A few weeks ago @CQNMagazine asked if Private Eye would be brave enough to feature Resolution 12 in their 22nd June edition.
Today we got the answer.
Private Eye notes that this report “detailed from internal documents how the Scottish Premier League inquiry into Rangers’ use of undisclosed employment benefit trusts (EBTs) to pay players had either been misled or misled itself, and how subsequently the Scottish Football Association had ignored Rangers’ related EBT problems with the taxman to allow the financially struggling club to compete in the 2011-12 Champions League, contrary to UEFA rules.”
Private Eye explains how Nimmo Smith inquiry failed to distinguish between the two different schemes and how this had a huge impact on the decision reached, saying “that may well have persuaded the inquiry to merely fine Rangers, rather than taking away the titles it won while using these secret tax-free pay deals.”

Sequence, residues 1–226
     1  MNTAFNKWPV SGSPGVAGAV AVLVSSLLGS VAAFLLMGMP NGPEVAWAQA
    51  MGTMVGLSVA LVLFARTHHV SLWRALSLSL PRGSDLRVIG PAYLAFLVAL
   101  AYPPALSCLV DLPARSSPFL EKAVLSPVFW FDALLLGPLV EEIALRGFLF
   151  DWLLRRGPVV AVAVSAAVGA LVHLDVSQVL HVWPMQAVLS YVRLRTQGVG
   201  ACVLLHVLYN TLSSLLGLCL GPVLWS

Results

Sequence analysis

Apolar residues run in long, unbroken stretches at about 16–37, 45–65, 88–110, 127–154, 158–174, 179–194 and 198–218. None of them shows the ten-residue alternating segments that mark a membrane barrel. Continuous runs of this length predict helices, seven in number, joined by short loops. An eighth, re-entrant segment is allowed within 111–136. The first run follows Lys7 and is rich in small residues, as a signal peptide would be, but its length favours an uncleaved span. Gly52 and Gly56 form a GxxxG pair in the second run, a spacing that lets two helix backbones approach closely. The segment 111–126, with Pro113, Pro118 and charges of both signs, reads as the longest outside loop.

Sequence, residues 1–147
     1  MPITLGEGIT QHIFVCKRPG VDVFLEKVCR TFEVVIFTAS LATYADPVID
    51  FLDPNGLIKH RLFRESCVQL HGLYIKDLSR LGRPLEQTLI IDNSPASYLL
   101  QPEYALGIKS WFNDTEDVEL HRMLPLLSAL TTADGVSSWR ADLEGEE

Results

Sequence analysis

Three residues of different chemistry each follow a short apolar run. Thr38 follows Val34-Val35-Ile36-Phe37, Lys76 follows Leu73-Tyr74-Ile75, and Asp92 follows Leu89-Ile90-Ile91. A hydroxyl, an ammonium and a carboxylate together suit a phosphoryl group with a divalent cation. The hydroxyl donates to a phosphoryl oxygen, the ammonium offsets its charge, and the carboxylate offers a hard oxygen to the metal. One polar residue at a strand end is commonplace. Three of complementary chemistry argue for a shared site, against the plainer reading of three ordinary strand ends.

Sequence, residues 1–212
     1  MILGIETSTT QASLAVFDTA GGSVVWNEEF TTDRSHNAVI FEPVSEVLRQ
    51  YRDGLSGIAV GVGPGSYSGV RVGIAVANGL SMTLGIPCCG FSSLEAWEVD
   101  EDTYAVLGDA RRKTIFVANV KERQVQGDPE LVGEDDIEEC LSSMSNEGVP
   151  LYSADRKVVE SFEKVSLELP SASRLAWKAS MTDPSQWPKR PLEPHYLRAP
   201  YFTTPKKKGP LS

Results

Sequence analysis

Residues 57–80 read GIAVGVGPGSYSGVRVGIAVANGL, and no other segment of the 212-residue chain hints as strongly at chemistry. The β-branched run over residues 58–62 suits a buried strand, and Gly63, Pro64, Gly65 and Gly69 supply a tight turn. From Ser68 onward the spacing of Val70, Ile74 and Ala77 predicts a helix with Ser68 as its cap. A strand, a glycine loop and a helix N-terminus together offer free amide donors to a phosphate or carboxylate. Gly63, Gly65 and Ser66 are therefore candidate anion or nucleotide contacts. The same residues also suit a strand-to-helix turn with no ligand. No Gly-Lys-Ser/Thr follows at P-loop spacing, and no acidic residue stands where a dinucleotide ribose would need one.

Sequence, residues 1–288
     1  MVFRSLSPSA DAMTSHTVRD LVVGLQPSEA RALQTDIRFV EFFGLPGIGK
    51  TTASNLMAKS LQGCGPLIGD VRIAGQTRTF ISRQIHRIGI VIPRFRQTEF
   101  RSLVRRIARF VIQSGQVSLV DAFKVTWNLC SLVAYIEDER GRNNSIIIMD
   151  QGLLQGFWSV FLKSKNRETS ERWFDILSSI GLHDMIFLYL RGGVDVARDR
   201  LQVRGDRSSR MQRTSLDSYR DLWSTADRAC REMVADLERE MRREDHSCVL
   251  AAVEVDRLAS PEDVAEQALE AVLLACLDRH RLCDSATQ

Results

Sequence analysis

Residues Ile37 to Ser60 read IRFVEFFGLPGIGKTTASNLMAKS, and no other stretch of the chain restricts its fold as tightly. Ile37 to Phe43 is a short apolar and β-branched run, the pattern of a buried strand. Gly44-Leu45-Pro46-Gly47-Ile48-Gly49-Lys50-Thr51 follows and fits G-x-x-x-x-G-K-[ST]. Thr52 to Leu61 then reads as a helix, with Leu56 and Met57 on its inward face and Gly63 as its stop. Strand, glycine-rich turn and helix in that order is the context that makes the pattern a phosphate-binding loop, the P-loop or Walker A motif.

Private Eye is also puzzled that such a mistake could have been made, noting that the former Rangers company secretary and SFA President Campbell Ogilvie was among the witnesses.
Ogilvie, Private Eye notes, “claimed to have been unaware of the first scheme until he became a beneficiary. This has been challenged by documents produced by the Offshore Game.”
They report on how Andrew Thornhill QC “strongly recommended” that Rangers settle with the Revenue on the so-called Wee Tax Case, “especially as side letters relating to payments to two players ‘had been denied or not revealed’ and as HMRC had won a similar case.”
They conclude by discussing the subject matter of Resolution 12 and say that this “maybe should have meant that Celtic, not Rangers, should have been in the 2011-12 competition.”